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artisanal film reviews | by maryann johanson

Ingmar Bergman’s ‘Fanny and Alexander’ at NYC’s IFC Center

The IFC Center in Greenwich Village is one of the nicest multiplexes in New York — comfy seats, particularly yummy popcorn, pleasantly hip bar and restaurant included — and it features one of the most eclectic screening schedules in the city. Starting today, and running for two weeks, it is showing Ingmar Bergman’s Fanny and Alexander in its original, uncut form. I didn’t realize this, but the theatrical version of the film that won the Oscar for Best Foreign Language Film was truncated from Bergman’s first version, which was produced for Swedish television. Now, that 312-minute original has been digitally restored and will be shown on the big screen (in a high-def transfer) for the first time ever.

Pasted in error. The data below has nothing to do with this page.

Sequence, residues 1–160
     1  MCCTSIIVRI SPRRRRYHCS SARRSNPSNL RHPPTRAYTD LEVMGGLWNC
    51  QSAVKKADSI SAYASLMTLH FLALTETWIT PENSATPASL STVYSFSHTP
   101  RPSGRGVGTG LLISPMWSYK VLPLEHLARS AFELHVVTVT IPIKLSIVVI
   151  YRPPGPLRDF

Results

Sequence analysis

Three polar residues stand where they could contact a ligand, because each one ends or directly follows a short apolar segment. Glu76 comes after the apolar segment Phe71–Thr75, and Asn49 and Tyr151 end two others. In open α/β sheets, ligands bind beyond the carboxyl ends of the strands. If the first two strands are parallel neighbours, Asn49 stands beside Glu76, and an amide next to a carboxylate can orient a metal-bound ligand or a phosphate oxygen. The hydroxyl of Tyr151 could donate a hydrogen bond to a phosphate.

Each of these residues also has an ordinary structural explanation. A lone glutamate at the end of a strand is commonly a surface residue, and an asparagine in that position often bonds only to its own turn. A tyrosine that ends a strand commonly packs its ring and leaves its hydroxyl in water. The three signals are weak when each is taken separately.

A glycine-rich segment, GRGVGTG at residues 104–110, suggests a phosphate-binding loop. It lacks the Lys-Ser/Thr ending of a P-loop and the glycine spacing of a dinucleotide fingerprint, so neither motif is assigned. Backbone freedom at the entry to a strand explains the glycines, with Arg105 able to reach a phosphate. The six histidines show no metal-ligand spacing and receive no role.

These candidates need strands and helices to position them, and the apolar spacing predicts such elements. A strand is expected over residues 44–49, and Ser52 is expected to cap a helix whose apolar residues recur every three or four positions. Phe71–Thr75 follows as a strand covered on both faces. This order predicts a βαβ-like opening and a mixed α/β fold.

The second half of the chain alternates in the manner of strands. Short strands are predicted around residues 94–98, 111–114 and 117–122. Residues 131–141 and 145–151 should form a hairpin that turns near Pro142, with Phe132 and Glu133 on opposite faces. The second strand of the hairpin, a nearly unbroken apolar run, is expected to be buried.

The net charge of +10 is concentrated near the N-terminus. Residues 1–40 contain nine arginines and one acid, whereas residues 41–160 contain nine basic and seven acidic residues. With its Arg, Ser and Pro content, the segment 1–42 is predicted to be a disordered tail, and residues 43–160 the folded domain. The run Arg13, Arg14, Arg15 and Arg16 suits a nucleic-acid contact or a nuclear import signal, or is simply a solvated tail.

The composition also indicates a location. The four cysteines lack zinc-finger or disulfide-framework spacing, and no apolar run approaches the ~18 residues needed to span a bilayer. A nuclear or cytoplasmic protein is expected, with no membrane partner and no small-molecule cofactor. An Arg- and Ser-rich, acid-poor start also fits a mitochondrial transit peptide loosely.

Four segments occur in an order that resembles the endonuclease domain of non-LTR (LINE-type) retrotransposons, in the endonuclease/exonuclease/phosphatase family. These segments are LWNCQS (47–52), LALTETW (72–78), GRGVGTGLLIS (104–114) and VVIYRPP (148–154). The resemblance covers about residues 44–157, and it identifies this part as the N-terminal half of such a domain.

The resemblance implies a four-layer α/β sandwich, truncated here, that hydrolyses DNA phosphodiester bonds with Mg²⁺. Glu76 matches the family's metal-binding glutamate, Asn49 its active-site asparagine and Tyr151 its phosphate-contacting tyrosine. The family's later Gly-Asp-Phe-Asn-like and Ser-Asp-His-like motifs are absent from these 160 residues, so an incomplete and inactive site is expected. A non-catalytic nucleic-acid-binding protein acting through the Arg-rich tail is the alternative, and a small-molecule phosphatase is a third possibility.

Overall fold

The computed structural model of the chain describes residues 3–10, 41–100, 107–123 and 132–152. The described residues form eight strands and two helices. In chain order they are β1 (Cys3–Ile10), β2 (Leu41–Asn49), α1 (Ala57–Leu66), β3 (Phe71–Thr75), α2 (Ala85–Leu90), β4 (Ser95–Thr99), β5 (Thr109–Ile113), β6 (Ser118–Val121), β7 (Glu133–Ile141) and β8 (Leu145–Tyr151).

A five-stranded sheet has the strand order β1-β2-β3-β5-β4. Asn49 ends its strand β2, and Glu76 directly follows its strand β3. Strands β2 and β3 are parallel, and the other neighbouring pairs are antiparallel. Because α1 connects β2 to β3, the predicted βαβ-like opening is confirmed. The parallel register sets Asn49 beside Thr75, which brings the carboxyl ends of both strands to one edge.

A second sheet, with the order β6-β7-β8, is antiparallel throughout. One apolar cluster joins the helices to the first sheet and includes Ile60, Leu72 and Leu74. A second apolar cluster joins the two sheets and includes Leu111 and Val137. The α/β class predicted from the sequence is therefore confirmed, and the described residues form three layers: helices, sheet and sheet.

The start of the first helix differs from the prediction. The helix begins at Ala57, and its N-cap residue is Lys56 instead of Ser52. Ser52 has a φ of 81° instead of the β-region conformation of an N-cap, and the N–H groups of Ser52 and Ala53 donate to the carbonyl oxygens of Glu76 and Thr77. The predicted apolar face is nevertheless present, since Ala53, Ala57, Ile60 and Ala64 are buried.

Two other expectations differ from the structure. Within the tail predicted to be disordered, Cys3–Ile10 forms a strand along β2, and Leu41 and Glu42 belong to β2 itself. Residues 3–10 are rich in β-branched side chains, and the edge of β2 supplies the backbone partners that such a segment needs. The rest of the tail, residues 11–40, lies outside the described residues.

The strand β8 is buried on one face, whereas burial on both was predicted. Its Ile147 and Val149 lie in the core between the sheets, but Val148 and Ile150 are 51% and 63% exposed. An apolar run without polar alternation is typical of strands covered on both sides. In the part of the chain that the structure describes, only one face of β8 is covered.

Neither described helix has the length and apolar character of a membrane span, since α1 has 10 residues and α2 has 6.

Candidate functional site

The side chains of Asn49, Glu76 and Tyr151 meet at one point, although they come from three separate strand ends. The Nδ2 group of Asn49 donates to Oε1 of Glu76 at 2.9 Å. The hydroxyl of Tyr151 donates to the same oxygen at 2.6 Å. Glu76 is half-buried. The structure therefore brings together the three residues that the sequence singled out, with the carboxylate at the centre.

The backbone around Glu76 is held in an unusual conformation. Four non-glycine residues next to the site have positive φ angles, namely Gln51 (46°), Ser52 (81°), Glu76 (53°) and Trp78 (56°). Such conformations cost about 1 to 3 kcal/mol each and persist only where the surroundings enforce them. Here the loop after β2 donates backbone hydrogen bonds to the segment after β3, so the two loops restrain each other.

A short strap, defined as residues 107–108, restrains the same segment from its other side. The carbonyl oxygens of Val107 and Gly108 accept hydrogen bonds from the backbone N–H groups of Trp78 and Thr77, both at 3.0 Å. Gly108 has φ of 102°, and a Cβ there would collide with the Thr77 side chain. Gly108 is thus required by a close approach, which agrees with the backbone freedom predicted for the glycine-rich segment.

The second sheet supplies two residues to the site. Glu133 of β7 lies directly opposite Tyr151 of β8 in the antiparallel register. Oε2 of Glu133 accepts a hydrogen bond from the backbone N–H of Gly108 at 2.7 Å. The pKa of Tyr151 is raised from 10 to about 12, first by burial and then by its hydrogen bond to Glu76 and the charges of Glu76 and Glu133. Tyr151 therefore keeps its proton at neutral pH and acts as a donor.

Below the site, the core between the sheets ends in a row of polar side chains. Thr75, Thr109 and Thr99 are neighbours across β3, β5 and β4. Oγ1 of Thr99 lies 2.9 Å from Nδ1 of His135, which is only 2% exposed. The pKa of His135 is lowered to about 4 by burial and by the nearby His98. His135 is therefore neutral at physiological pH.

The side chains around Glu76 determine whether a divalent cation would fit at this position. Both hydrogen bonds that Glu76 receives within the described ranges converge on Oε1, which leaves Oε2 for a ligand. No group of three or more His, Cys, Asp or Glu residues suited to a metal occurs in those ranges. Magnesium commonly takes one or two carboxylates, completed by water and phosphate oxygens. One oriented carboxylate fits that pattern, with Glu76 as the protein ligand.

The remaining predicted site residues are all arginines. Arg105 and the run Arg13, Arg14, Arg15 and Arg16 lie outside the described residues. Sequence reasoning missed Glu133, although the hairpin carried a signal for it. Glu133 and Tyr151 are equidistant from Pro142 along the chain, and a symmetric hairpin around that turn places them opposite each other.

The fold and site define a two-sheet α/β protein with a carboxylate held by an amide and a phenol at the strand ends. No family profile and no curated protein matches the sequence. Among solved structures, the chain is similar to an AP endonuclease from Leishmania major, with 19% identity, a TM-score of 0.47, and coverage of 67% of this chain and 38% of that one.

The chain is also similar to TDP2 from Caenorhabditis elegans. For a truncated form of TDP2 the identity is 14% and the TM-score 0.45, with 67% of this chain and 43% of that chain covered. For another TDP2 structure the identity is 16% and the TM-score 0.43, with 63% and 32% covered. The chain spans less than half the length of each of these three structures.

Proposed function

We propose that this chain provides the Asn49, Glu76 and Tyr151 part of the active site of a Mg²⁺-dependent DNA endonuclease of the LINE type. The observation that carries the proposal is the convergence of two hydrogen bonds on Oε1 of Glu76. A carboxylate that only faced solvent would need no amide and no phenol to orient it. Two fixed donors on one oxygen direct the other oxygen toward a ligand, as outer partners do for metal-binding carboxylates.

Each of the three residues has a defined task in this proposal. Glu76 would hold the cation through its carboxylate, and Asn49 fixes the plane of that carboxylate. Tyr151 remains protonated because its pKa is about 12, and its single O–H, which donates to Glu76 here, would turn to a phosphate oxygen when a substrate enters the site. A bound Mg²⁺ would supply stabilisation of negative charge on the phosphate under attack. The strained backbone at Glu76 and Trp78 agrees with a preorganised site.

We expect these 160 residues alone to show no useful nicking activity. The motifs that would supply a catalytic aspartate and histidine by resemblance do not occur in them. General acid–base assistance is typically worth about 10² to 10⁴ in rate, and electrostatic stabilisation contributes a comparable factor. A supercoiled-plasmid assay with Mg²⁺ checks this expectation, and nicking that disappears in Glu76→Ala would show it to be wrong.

(FYI, the IFC Center is also now running The Killing of John Lennon, which I reviewed when I saw it at last year’s Tribeca Film Festival.)

This ties in with one of my movie resolutions for this year, which is to make a point of seeing a whole bunch of classic movies that I’ve never seen before. I may not write in-depth reviews of them, but I will share my thoughts on them. (I may also include films that I saw for the first time so recently, within the last year or so, that they did not influence my love for movies from an early age.) I know there are huge gaps in my film education, and I want to remedy that. So I’ll start with Fanny and Alexander ASAP.



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